He pulled back the sleeve of his tattered fleece – Whistler Mountain hamburger logo Lift Ops uniform, circa 1990 – and started punching buttons on a watch the size of a can of tuna. It looked expensive and multifunctional and I itched to ask where he’d gotten it but figured knowing the answer might make me an accomplice.

"Shit, I know this thing knows, I just can’t remember which button to push. Wow, barometer’s falling…"

"It’s rainin’ outside, J.J. You don’t need a watch to tell you the barometer’s fallin’." Gadgets.

"The fourth… I think."

"The day, J.J. What day is it?"

"Sat." An almost binary answer.

Makes sense. Hockey had been droning in the background, much to the chagrin of the small but vocal contingent of good ol’ boys from Florida who’d protested when the big screen flipped from some college football game to Canada’s pastime.

Having lost interest in his watch, J.J.’s attention was diverted by a half-eaten bucket of gone cold french fries left behind on the next table. He pulled the table over, not being able to reach the bucket and not embracing the idea of actually getting out of his seat, and noshed in earnest on congealing frites.

"So, any New Year’s resolutions?" he asked.

"Oh, the usual. Come out in full support of the Olympic bid, buy into the sustainability boondoggle, be kind to politicians, give accurate directions to tourists, buy an SUV with at least 300 horsepower and finally put the polish on my surefire Start Smoking Seminar idea."

"I like that one."

"I thought you would. Money back guarantee. Attend my two day seminar and I can get you smoking and keep you smoking. Ought to appeal to the in-your-face crowd. What about you."

"Never make promises I can’t keep. Although I did give passing thought to resolving myself a new job this year."

"Getting tired of the spook business?"

"Not much business left. Even the insurance companies have dried up. Since 9/11, they don’t seem to care that much about whether someone’s makin’ false claims or not. They just ramp up their rates, blame it on terrorism and wallow in the dough. Least that’s my theory. Whatever the reason, there’s not much PI business to be had."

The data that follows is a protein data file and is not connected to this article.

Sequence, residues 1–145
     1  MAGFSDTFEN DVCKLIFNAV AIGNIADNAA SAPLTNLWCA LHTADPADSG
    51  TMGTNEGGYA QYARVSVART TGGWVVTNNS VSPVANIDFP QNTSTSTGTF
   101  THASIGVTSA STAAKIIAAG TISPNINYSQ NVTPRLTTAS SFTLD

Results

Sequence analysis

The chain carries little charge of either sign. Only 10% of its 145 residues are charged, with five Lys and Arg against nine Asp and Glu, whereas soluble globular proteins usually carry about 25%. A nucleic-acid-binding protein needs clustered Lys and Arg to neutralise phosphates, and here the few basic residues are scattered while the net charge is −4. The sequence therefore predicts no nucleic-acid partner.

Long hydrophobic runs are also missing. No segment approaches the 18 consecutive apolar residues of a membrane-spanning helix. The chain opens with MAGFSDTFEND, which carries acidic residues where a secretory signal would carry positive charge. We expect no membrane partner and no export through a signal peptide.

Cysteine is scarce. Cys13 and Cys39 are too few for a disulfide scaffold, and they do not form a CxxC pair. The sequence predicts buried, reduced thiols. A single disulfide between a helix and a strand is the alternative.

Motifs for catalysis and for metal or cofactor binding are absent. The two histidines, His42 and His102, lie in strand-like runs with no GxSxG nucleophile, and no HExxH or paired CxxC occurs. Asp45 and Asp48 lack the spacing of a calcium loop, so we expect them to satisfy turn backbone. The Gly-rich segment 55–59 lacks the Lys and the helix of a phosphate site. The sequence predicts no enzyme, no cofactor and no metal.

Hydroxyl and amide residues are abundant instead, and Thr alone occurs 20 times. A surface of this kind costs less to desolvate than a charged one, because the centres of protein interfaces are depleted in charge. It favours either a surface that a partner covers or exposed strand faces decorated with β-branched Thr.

"I thought you were lookin’ into the whole RezRez thing for the independent retail boys and girls?"

"Yeah, that’s still an active investigation, as the say in the detective biz. But I’m not sure how much it’ll matter. TW’s stonewalling and my inside source at RezRez got cold feet and quit talkin’. I’m still sniffin’ around but I’m not sure how much it really matters. We’re talking about players here. They can do pretty much what they want, you know."

"You may be right. But I suspect you’re not convinced enough of that to drop the whole matter. Besides, what kind of ‘real’ job would you ever be able to hold down around here?"

"Croupier?"

"Pardon my French, but isn’t that a casino job?"

"Mais oui, mon ami."

"Do you know something I don’t know?"

"I know lots of things you don’t know."

"Okay, do you know something I don’t know about a plan to allow casino development up here?

"Well, let’s just say one of my New Year’s resolutions was to keep secrets even from you."

"You’re just stirrin’ it up, aren’t you? You’re just startin’ rumours again. Aren’t you?"

"Order me another beer. Just might loosen my tongue."




Comments